My law office walls do not include my diplomas and certificates. The West Virginia Bar does not require it. They are in a box somewhere. By law, I am required to post my real estate broker license, renewed each year with a $150 payment. My notary public commission sits in a desk drawer at the ready for vigilant citizens who demand proof of my status.
Lawyers, brokers and notaries all work by permission of state government under different and often complex regulatory schemes. These occupations are not alone in their rule-bound world. West Virginia has more than 36 licensing boards and commissions, according to a recent survey by the Cardinal Institute for West Virginia Policy.
Pennsylvania has 29. Ohio has 21.
The Cardinal Institute, together with the Knee Center for the Study of Occupational Regulation, compared the licensing regimes of these three states for 64 occupations to determine whether West Virginia has high barriers to enter into and remain in them.
The survey concluded that West Virginia has high barriers for 25 occupations, compared to Pennsylvania and Ohio.
Reform of occupational licensing recently is a hot topic around the country and, according to the Gazette-Mail, will take a front burner during the regular session of the West Virginia Legislature.
There is much to consider. The many boards and the rules and regulations of occupations have been created over the decades in response either to concern for public well-being or anti-competitive impulses, or a mix of both.
West Virginia has statutory boards and commissions for massage therapists, medical imagers, social workers, counselors, cosmetologists and sanitarians. They all have to pay for their licenses and, every one or two years, take more courses to keep them.
Exactly one year ago, I bravely called for the abolition of the West Virginia Board of Hearing Aid Dealers and Fitters, which, according to www.wvbhad.org, exists to “protect the hearing-impaired public by registering, licensing and regulating those who fit and sell hearing aids.”
My call either was not loud enough or lawmakers could not hear it. Perhaps they need to be fitted with sanctioned hearing aids bought from one of West Virginia’s registered, licensed and regulated hearing aid dealers, a list of whom can be found on the official website.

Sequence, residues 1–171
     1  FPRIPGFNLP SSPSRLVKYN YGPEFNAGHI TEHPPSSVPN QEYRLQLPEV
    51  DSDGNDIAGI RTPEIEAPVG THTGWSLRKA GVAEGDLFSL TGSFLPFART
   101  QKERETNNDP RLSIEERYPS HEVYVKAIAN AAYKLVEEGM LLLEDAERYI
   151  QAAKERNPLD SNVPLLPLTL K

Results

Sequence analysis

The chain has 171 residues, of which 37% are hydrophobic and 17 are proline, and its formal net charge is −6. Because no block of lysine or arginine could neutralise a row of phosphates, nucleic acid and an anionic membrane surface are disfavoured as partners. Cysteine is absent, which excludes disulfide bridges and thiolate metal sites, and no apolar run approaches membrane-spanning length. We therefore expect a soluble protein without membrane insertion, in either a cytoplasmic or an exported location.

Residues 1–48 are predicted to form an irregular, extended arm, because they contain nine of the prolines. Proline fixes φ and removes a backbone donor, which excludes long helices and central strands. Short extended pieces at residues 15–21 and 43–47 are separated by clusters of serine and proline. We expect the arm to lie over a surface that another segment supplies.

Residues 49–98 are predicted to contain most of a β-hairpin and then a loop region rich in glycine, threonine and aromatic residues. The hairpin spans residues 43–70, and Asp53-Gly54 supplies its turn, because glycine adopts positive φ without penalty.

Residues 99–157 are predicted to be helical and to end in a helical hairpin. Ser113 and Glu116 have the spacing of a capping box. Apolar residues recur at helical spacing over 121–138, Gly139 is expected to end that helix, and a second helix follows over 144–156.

The board and its regulations impose high barriers for entry, even though a hearing aid can be bought from a website at a fraction of the historical cost. Do they merit continued existence? Someone needs to make the case.
I am sure that there is a positive side to maintaining the West Virginia Board of Hearing Aid Dealers and Fitters. But its public profile doesn’t exactly turn up the volume for it.
Its work is so critical to protecting the hearing impaired of West Virginia that the last meeting of its board was held nearly three years ago, on Jan. 17, 2017, at least according to its website.
The board’s work that day was preoccupied with fees to be paid to the board, including new ones:
“Consideration of instituting fees for testing and retesting,” the minutes note. The board unanimously instituted a schedule of four fees, including new ones. Then, the board discussed how to receive and provide “requests for information and what, if any, charge should be incurred.” Then, it voted to institute a charge of “up to $150” for providing requested information with the additional authority to impose “additional charges” for “special requests.”
West Virginia’s licensed hearing aid dealers and fitters seem to be a law-abiding, upstanding lot. The last complaint to the West Virginia Board of Hearing Aid Dealers and Fitters was filed in 2012 and resolved by “consent decree,” with an unspecified sanction against the licensee in 2013.
Perhaps the board and its regulations are so good there is little need for robust enforcement.
Generally, the Legislature should ask whether barriers to entry for occupations in West Virginia are too high in relation to the risks to the public that they are intended to reduce.
The West Virginia Board of Barbers and Cosmetologists maintains what seem to be high barriers for barbers, hair-dressers, aestheticians and manicurists. To become a West Virginia-licensed barber first requires 1,200 hours of courses and practicums, and then an examination. A cosmetologist must have 1,800 hours, and a nail technician must have 400 hours.
A law school curriculum, by the way, requires fewer than 100 hours of courses to earn a degree.
Is this tangle of rules and regulations due for a hair cut or a trim?
Lawmakers should consider whether each occupational board and its regulations are effective. Can it be reformed, or even abolished, without significant risk to the public?
What, for example, is the point to keeping the West Virginia Board of Acupuncture?